Communities along the coastline of Malaita Province have transformed degraded natural environments in recent years – and have improved their access to local foods as a consequence.
The goals of the Jaluit Atoll Environmental Resource Management Plan (ERMP) are to provide all stakeholders with a framework to guide environmental resource management initiatives that will assist the community to maintain healthy marine and terrestrial environments for current and future generations. The options set forth in the ERMP are specifically designed to promote and empower all communities to actively participate in the protection of the atoll’s valuable resources, while allowing for sustainable use.
The ARNAVON MARINE PARK (a Community-Managed Conservation Initiative) - CONSERVATION & MANAGEMENT PLAN (Revised)
This Conservation and Management Plan was the culmination of a community-wide consultation undertaken to review the 20-year old ACMCA Management Plan first endorsed in 1994.The scope of this Plan is dictated by AMP’s status as an established and internationally recognized conservation program that has been operated for more than 20 years to date. With such operational status, this Plan is therefore tailored to meet legal requirements for declaration as a protected area under the new legal regime.
Mosese Vesikara and his uncle, Kinikoto Mailautoka, are on the reef collecting sea urchins for lunch...When out collecting Vesikara and the other fishers carefully skirt the tabu – pronounced TAM-bo – a no-fishing zone demarcated by barn
In 2016 a partnership was developed between the Tongan Ministry of Fisheries and James Cook University in Townsville, Australia. Its aim was to implement the first stage of a Tongan national coral reef monitoring project, and to provide an overview of the current status of Tonga’s Special Management Area (SMA) program. Since 2002 the Ministry of Fisheries has been heavily focused on expanding the SMA program, and communities throughout Tonga have been enthusiastic about introducing local marine management. As a result of this momentum, the Ministry has focused primarily on implementation.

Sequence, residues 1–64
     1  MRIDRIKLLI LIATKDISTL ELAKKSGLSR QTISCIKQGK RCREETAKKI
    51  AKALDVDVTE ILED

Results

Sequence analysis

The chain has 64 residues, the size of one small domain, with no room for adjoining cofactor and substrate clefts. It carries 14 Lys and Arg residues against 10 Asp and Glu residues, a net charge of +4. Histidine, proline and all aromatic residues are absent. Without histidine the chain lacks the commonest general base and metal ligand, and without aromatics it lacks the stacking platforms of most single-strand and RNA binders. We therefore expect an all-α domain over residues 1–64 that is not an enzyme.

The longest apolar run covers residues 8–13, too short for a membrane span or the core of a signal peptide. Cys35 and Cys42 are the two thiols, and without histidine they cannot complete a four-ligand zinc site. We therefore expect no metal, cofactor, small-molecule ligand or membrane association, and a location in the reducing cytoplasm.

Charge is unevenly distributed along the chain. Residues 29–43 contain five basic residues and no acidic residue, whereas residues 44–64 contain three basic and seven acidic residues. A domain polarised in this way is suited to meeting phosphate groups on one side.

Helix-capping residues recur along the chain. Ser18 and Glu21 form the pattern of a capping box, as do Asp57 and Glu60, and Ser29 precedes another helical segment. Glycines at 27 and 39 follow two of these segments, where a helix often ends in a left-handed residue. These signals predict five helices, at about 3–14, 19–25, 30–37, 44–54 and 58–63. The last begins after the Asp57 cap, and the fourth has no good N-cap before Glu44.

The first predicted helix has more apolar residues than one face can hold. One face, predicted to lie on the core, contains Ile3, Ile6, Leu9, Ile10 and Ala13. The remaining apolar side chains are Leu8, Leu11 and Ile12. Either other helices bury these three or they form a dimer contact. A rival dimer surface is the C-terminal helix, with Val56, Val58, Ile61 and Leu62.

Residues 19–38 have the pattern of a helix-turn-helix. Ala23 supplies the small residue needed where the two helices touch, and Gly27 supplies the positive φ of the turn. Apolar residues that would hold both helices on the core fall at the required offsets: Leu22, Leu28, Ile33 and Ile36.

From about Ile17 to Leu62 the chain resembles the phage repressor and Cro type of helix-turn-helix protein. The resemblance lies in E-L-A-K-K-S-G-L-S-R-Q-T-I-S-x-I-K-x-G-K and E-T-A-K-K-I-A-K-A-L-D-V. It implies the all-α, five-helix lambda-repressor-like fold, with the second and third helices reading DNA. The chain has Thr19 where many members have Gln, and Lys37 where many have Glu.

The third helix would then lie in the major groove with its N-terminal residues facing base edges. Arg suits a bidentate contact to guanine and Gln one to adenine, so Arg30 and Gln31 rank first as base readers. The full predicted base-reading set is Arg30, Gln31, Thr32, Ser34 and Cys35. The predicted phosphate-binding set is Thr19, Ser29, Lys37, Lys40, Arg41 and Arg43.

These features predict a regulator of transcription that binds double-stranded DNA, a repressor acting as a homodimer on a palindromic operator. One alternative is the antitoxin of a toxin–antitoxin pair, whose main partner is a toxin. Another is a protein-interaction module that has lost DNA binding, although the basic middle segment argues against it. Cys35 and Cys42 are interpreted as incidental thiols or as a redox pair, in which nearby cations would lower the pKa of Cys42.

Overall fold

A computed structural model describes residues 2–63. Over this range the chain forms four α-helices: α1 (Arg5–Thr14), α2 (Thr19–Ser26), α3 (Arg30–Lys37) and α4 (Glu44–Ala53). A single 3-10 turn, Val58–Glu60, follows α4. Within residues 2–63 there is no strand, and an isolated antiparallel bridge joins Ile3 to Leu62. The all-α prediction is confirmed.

People, local cultures and the environments they live in are complex and dynamic social-ecological systems that have evolved together over time and are continually affected by a myriad of factors, including climate and global changes. Escalating climate and global changes present an imminent threat to Pacific communities, particularly for food security, livelihoods, health and safety, cultural identity and biodiversity conservation.
A toolkit to support conservation by indigenous peoples and local communities: Building capacity and sharing knowledge for Indigenous Peoples’ and Community Conserved Territories and Areas (ICCAs)
Local communities and indigenous peoples make substantial contributions to global conservation efforts and sustainable development. While these communities are often the primary ‘resource stewards’ who rely on ecosystems to meet food security, livelihood and health needs, their contribution to the achievement of global conservation targets have not yet been fully recognized...This toolkit presents a selection of practical resources, developed by numerous organisations, making them readily accessible to community-based organisations who manage ICCAs.
Local communities’ support for resource conservation projects are essential for their success. Nevertheless, in the Pacific Island countries, many community-based conservation (CBC) projects remain ineffective due to the lack of community members’ engagement. To better understand the motivations of local community members to support resource conservation projects; this research looks at the four community-based conservation sites in North Tarawa, Kiribati.
Land titling in Australia has undergone a revolutionary shift over the past four decades. The return of diverse forms of title to Indigenous Australians has produced some semblance of land justice. About half the continent is now held under some form of Indigenous title.
The University of Hawaiʻi Board of Regents today is considering a proposal to review possible new management options for Mauna Kea in the wake of a three-month protest against the planned Thirty Meter Telescope. Some working models could broaden the role of native Hawaiians in directing the mount